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Why The Chances Of A Government Shutdown Suddenly Seem Higher

The odds of a government shutdown have gone up.

This is a fast-developing story, so stay tuned, but a bloc of Senate Democrats has shifted towards a more aggressive stance on including an immigration provision in the government funding bill, increasing the possibility that the party will block any measure that does not create some kind of program along the lines of former President Obama’s Deferred Action for Childhood Arrivals. There will be a government shutdown starting at 12:01 a.m. on Saturday if funding is not approved.

There is still some doubt over whether the House will pass a short-term funding bill. (GOP leaders are currently proposing an agreement that extends funding for one more month.) The House can pass a bill without any Democratic support, but members of the hard-to-please GOP Freedom Caucus there are balking right now. So that’s one hurdle towards avoiding a shutdown.

Another hurdle is what’s taking place in the Senate, where legislation can be stopped if it doesn’t have 60 votes. There are only 51 Republicans, and some of them are saying they don’t support a funding bill without the immigration provision either. Some Republicans are also frustrated that Congress keeps passing short-term measures. But the bigger challenge is Democrats. Even if all the Republicans vote for some kind of short-term extension, at least nine Democrats must back it.

Party activists have been imploring Democrats for months to stop supporting government funding bills that don’t replace DACA, which provided protection from deportation and work permits for hundreds of thousands of undocumented immigrants brought to the United States as children until Trump announced he was ending it. I didn’t think, as recently as 24 hours ago, Democrats as a party were ready to take that stand.

But in the last two days, several Senate Democrats who voted for government funding bills in December even though they didn’t address DACA have said they would not do so again. That group includes Virginia’s Tim Kaine and Mark Warner, New Mexico’s Martin Heinrich and Tom Udall and New Hampshire’s Jeanne Shaheen. And twenty-eight of the Democrats currently serving in the Senate, along with Vermont’s Bernie Sanders, have already voted against a previous funding bill that didn’t address DACA.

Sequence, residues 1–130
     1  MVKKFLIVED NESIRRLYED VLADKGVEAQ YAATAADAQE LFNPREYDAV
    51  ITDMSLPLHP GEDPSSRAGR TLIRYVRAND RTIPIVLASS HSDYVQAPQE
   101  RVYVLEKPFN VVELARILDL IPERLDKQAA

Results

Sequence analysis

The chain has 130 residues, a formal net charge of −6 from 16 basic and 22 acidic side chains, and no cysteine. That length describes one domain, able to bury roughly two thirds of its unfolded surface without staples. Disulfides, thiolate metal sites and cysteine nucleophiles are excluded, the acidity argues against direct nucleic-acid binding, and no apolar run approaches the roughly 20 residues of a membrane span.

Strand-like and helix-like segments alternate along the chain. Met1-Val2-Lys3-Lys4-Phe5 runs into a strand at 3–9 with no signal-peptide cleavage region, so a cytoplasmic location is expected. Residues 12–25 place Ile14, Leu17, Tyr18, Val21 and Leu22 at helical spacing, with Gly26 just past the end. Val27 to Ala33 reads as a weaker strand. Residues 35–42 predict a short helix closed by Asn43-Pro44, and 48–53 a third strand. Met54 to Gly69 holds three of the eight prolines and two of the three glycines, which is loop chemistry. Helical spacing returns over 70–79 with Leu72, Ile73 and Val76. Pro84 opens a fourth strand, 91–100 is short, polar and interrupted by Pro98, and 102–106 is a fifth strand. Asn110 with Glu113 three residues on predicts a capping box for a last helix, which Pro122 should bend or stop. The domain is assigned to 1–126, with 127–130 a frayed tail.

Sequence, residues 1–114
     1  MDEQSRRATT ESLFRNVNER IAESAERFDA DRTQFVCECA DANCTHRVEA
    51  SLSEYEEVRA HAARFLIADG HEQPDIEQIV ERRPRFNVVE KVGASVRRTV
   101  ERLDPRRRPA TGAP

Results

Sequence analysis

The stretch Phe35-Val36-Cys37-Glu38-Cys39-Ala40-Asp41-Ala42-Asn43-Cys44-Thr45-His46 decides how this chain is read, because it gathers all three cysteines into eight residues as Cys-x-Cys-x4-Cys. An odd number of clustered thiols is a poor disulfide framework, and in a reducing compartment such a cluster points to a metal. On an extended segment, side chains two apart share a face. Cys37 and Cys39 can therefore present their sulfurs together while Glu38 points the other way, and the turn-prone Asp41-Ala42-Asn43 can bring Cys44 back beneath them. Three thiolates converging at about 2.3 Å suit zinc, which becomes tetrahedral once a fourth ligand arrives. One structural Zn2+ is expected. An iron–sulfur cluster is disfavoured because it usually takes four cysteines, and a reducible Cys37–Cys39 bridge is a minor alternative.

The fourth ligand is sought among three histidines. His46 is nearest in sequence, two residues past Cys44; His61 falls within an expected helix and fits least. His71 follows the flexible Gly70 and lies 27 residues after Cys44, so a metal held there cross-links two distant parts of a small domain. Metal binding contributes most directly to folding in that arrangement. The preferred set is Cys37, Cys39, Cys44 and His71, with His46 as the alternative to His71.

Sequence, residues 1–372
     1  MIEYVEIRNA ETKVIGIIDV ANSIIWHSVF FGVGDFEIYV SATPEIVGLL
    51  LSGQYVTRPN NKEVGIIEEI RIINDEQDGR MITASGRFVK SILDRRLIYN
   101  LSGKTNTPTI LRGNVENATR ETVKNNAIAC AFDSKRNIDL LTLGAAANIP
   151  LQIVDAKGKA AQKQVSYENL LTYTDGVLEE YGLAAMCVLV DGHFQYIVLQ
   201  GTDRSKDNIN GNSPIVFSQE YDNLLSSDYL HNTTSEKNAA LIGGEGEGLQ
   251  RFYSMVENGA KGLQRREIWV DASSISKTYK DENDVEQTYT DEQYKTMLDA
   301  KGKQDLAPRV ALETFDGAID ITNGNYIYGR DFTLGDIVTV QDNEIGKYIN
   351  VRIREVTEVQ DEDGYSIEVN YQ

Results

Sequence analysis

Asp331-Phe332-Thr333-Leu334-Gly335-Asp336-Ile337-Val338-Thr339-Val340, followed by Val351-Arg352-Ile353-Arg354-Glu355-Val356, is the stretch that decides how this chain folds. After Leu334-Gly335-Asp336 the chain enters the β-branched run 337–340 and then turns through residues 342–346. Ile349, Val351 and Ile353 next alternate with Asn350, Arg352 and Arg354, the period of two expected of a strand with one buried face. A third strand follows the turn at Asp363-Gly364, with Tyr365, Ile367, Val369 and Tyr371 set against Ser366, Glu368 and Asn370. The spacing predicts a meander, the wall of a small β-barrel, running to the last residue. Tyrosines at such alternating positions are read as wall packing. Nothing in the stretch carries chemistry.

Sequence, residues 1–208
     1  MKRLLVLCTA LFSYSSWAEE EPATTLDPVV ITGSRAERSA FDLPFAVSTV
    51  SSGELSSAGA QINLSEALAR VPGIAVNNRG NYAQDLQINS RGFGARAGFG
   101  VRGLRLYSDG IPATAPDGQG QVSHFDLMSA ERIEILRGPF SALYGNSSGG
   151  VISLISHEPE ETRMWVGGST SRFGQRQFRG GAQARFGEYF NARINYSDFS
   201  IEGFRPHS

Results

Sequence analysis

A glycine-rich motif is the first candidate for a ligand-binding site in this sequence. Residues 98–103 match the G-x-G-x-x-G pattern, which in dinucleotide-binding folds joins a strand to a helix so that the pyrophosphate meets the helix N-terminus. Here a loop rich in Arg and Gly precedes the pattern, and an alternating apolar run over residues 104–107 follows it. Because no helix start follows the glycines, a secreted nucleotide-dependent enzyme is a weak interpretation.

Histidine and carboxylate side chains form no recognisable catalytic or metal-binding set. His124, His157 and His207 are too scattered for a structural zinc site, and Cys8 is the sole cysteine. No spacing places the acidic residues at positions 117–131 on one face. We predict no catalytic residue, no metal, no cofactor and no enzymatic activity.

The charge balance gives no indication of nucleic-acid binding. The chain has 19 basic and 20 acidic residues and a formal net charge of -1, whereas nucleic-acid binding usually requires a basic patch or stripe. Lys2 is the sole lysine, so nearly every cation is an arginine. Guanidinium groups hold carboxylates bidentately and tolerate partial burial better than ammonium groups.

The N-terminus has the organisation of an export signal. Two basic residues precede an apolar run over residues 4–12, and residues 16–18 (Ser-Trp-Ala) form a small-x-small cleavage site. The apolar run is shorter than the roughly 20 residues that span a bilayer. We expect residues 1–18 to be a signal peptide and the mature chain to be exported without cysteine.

Some of those members could change their minds, of course, with a shutdown seeming more possible than before. But it appears that the vast majority of the 49 Senate Democrats are voting “no” on any bill that does not address DACA. So it’s worth at this point flipping the question: Who might be the nine Democrats to vote for a short-term measure with no immigration language?

Let’s start with the seven members in states Trump won who are up for reelection this year and voted in December for a funding bill without a DACA provision: Indiana’s Joe Donnelly, North Dakota’s Heidi Heitkamp, West Virginia’s Joe Manchin, Missouri’s Claire McCaskill, Florida’s Bill Nelson, Michigan’s Debbie Stabenow and Montana’s Jon Tester.

Then there’s Doug Jones, who as of this month represents the very red state of Alabama. He’s not up for re-election until 2020, but he has cast himself as a bipartisan senator. And Michigan’s Gary Peters, who’s up for reelection in 2020, is also from a state Trump won and has previously backed a funding bill that didn’t address DACA.

It’s these members to watch: If several of them announce they won’t vote for a funding bill without DACA either, it will be hard to avoid a shutdown.

Perry Bacon Jr. is a senior writer for FiveThirtyEight.

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